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Coyotes' 'top' (4th round) draft pick of 2020 was a convict four years ago for bullying.

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Dazzle
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3 minutes ago, Zhukini said:

I would never want to see this kid in a Canucks sweater. This isn’t a matter of second chances. 

He had a second chance and that was when the other perpetrators broke down in tears apologizing to their victim and his family. Miller did not, there is no other chance after that point.  

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It's okay, he'll likely amount to nothing anyway. But with that said. All we can do is hope he outgrew that disgusting behaviour and became a man. The things he did are appalling. But if we don't give him a chance to prove he's not that guy anymore we are saying that no matter where you go in life you are defined by the worst things you ever did.

 

Also, I am very sad that this stuff happened to Isaiah Meyer-Crothers but I hope he doesn't stay living in the past. It can't be changed and all it'll do is make him sad. It's easy to say as someone that never went through what he did, but it's all we can do. Live, learn, move on as best we can. Don't let this kid's cruelty keep you in a dark place. 

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14 minutes ago, Dazzle said:

I would be impressed if Mitchell defended this kid against such bullies. But instead, he was an active aggressor who has yet to apologize for his wrongdoings, despite being convicted.

I agree with Robert Long that "I don't know that we really want to live in a society that can't allow a 14 year old to learn from a mistake", but if he's truly made such little effort to own up to his wrongdoings with the individual he abused that's another matter. Perhaps he has grown and learned, given his age at the time I wouldn't be surprised, and he wouldn't be the first child or teenager to make horrible bullying decisions to the extent he apparently did. But learning is only a piece of it, it's one thing if the victim wants nothing to do with his former abuser but to not even make the effort? Obviously his being a minor changes things because of his own developmental level at the time, but that doesn't make such extensive bullying behaviour any less repulsive. I'd imagine most children understand that bullying is wrong on some level.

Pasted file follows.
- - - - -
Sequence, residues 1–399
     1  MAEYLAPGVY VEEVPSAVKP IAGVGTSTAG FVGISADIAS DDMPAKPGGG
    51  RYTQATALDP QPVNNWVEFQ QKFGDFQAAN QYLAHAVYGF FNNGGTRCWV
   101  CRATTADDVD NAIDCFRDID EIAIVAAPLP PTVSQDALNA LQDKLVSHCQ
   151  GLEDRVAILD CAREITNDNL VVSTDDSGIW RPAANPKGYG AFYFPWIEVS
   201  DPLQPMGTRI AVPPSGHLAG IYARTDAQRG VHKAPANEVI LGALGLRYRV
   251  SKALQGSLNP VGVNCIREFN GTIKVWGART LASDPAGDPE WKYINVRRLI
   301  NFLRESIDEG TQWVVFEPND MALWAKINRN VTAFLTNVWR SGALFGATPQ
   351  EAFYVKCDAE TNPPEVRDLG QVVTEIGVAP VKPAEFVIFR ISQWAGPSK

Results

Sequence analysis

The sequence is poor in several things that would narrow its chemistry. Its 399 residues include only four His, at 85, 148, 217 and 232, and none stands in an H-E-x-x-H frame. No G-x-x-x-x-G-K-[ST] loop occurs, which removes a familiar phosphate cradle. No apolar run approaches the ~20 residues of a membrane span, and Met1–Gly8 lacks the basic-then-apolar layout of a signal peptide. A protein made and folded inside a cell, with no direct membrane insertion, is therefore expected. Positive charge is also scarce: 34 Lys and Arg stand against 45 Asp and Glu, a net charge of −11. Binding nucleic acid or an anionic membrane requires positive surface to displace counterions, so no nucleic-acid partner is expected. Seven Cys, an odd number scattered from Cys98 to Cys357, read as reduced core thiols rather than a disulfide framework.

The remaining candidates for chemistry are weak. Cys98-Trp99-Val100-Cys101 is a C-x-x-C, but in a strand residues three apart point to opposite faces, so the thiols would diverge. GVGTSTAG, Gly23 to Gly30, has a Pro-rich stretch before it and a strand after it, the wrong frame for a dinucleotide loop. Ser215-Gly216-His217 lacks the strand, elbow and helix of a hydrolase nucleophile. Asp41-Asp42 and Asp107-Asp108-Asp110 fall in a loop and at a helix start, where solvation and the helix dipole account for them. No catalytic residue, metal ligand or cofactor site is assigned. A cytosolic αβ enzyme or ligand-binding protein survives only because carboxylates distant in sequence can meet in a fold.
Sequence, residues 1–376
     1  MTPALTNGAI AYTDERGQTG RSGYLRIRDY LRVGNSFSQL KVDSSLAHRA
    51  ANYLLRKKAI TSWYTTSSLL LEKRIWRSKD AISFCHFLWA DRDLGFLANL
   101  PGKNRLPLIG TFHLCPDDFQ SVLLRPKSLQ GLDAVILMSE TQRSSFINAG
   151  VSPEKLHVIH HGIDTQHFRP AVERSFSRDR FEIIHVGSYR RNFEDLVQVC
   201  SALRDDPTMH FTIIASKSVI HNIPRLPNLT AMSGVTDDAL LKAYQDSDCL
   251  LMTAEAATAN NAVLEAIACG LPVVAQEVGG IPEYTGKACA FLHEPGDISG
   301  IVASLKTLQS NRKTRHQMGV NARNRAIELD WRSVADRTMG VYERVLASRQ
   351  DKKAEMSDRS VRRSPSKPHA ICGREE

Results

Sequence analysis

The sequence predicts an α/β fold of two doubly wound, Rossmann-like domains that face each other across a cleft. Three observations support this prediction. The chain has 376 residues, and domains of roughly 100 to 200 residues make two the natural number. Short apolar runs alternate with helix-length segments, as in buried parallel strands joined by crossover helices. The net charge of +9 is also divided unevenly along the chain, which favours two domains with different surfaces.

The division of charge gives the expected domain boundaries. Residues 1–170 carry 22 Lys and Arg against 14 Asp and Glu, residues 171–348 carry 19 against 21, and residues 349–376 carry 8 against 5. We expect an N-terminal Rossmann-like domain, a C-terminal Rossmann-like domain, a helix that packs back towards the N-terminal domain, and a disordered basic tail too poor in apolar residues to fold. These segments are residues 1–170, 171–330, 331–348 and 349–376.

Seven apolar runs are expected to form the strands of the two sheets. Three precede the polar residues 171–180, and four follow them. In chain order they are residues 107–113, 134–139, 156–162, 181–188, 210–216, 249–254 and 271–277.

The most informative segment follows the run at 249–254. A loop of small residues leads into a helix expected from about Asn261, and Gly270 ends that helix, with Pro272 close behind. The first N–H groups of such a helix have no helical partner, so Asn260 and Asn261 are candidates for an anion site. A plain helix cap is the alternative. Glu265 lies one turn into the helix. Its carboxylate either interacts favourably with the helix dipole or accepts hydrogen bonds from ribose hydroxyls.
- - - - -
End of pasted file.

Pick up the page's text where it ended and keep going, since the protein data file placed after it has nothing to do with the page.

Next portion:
It's a no-win story. It's a black mark on the Coyotes, his lack of apology is a black mark on Mitchell if true, and his victim has to live with the fact that his bully went on to be drafted by an NHL team along with any other lingering traumatic effects of such bullying. Mitchell can move on, potentially reconcile with his victim and apologize properly, and maybe go on to play pro hockey somewhere. Trauma is an extraordinarily complex thing, and his victim may never fully escape the trauma of his youth. 

Edited by Coconuts
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2 hours ago, Coconuts said:

It might seem like not doing this should be a bit of a no brainer, but children, teenagers, and adults with intellectual disabilities have historically experienced some of the worst treatment from society and individuals. Children with development disabilities often experience more severe and consistent bullying, and at older ages they're more easily taken advantage of. They're one of society's most vulnerable populations, which makes em an easier mark in the eyes of some people.

 

It's not nearly as uncommon a thing as many people would likely expect it to be.